1. Make sure you get your Social Security checks and other important mail
If you receive Social Security or other checks in the mail, and you have been displaced by the flooding, be sure to let Social Security know of your new address. Consider changing to direct deposit so that you will continue to receive your money as quickly as possible. For information on Social Security direct deposit, click here. To change your address with Social Security, click here. To change your address with the U.S. Postal Service, click here.
2. File insurance claims
Even if you think your losses won't be covered, it is still a good idea to make a claim on your policy, because some federal assistance programs require this as a first step to receiving aid. For general information on insurance claims, click here.
3. Recover Important Documents
You may have lost important documents in the flood. Determine whether or how to replace those documents.
--Car titles are registered with the state. Information on obtaining duplicate copies is here.
--Deeds that have been recorded will be lodged with the Register of Deeds in your county. That office can provide you with a copy for a nominal charge. If you receive a letter from a private company offering to help you get a copy of your deed for a charge, please know that your local Register of Deeds will probably be able to help you faster and for much less.
--Duplicate Driver's Licenses can be ordered online here.
--Social Security Cards are replaced for free, but you must have appropriate documentation to verify your identity. More information is located here.
--Birth Certificates and other vital records can be ordered through the state here.
--Shot Records are filed with the local county department of health where the child lived at the time of immunization.
--U.S. Savings Bonds that have been destroyed can be reissued. For more information, click here. In Presidentially Declared Federal Disaster Areas, the initial holding period for savings bonds can be waived, allowing you to cash them earlier.
--Damaged Currency can be replaced. Learn more at the U.S. Treasury's website, here.
--Original Wills, Powers of Attorney, and other Estate Planning Documents that have been destroyed should be re-executed, because if a will is destroyed, the law considers it to have been revoked. Call your estate planning attorney to make arrangements to execute new documents. Lawyers at this firm have volunteered to assist flood victims whose estate planning documents have been destroyed.
--Financial and Health Records. Many financial and health records are now kept online. Contact your banks, credit card companies, health insurance company, doctor's offices, and pharmacies to see if you can access your personal records through their websites.
--Tax Records. The IRS will waive fees and expedite requests for records. Use IRS Form 4506 or 4506-T and write in the top in red ink the assigned disaster designation. For more information, click here.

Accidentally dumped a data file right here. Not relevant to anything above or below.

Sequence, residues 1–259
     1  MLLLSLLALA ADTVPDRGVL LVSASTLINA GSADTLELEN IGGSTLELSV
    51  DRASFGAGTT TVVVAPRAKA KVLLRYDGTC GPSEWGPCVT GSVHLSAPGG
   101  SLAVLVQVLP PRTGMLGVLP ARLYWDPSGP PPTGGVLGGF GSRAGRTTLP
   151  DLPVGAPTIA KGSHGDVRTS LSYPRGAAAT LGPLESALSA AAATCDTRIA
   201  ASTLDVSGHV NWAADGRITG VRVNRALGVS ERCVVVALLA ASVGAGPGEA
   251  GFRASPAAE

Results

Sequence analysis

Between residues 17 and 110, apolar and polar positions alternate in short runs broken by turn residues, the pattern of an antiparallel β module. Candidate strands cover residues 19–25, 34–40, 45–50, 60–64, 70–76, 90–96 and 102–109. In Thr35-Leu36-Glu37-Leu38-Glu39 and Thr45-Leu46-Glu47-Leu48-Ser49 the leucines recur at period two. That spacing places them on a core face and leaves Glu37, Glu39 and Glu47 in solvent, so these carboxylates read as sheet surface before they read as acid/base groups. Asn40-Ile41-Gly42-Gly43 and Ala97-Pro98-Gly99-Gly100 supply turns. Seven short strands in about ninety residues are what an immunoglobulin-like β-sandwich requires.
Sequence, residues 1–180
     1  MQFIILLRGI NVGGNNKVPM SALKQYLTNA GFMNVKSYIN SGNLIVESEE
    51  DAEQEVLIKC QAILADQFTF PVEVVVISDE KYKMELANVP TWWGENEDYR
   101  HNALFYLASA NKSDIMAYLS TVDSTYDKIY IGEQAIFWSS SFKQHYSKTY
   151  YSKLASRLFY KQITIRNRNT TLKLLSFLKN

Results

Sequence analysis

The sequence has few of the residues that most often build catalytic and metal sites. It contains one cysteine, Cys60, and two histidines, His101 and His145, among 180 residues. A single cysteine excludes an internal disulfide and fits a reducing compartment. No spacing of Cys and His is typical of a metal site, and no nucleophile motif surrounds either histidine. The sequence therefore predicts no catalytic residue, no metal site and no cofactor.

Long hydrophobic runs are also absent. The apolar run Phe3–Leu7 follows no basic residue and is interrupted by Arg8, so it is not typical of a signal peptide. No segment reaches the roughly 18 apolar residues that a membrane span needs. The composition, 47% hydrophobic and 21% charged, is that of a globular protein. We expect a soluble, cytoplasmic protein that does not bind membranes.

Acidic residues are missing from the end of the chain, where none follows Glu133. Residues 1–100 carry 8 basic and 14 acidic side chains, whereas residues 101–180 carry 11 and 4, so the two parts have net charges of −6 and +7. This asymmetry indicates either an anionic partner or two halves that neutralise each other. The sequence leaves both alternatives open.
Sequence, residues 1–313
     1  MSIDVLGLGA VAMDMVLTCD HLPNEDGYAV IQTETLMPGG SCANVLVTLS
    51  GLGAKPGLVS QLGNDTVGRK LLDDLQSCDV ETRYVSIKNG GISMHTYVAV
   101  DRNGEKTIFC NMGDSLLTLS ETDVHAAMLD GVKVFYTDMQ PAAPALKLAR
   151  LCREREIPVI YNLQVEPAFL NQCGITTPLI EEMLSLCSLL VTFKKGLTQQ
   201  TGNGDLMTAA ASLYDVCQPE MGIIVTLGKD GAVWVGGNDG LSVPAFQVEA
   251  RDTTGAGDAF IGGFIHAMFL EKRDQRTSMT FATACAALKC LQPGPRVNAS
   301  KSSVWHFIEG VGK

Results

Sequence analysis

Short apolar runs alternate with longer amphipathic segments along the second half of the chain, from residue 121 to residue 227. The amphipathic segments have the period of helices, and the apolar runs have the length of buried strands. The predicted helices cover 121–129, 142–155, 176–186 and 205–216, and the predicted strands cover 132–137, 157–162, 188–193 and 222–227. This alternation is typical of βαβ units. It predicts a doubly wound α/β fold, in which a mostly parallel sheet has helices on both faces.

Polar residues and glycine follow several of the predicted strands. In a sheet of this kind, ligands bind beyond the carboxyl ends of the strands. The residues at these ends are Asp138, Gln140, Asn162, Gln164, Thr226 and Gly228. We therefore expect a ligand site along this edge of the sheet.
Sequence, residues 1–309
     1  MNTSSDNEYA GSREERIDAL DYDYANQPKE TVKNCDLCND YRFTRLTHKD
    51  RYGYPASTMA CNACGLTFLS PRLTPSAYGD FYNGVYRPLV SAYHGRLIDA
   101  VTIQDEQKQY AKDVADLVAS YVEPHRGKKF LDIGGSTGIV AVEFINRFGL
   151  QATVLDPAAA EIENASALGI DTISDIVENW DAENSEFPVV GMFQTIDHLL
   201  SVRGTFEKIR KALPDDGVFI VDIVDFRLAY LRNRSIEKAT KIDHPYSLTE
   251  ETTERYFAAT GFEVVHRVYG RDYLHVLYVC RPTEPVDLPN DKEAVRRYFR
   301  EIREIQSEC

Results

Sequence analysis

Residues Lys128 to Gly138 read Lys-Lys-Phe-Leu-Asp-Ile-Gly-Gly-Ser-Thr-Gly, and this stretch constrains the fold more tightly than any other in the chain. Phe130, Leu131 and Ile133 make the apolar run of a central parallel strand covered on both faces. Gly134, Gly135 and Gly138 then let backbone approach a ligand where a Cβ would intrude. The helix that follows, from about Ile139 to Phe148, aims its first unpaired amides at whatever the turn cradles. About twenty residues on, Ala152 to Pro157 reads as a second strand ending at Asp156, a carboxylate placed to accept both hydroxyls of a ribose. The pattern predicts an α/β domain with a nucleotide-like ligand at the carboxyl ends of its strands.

--Military Discharge Records. To request replacements, click here.
--Federal Employment Records. For information, click here.
--Immigration Documentation. For information on replacing documents, click here.
--Medicare Cards. Click here to request a replacement Medicare Card.
--TennCare/Medicaid. Click here for a list of contact information. Please note that the TennCare offices were affected by the flood.
--Damaged Photos. Click here to read information on Operation Photo Rescue's trip to Nashville.
4. Get new prescriptions
If you regularly take prescription medicine and your prescription was lost or destroyed, contact your pharmacy. The Tennessee Pharmacists Association has made its members aware of provisions in the law that allow them to replace your medication.
5. Beware of Scams
Although this disaster has brought out the best in this Volunteer State, there are always those who will try to take advantage of the needy. Be especially aware of persons who are charging to help clean up or repair your home; they may take your downpayment and never come back. If someone says he's from the electric company, the telephone company, or any other utility or service provider, ask for identification and write down the name before you let them inspect for damage or come inside your home. Federal Assistance Programs do not require fees to apply; do not pay anyone "processing fees" to help you get government grants or loans.
6. Don't forget your legal obligations
If you are a renter or landlord, make sure you obtain legal advice quickly as to your rights and obligations. If you owe child support, have a visitation schedule, or have an upcoming court date, make sure that you let the appropriate persons know if you will have trouble meeting your obligations because you are a flood victim. The IRS has extended the dealines for certain tax reporting requirements. If you have outstanding tax returns or if you are contacted for an audit or examination, be sure to inform the IRS that you are a disaster victim. Information on free legal clinics can be found here.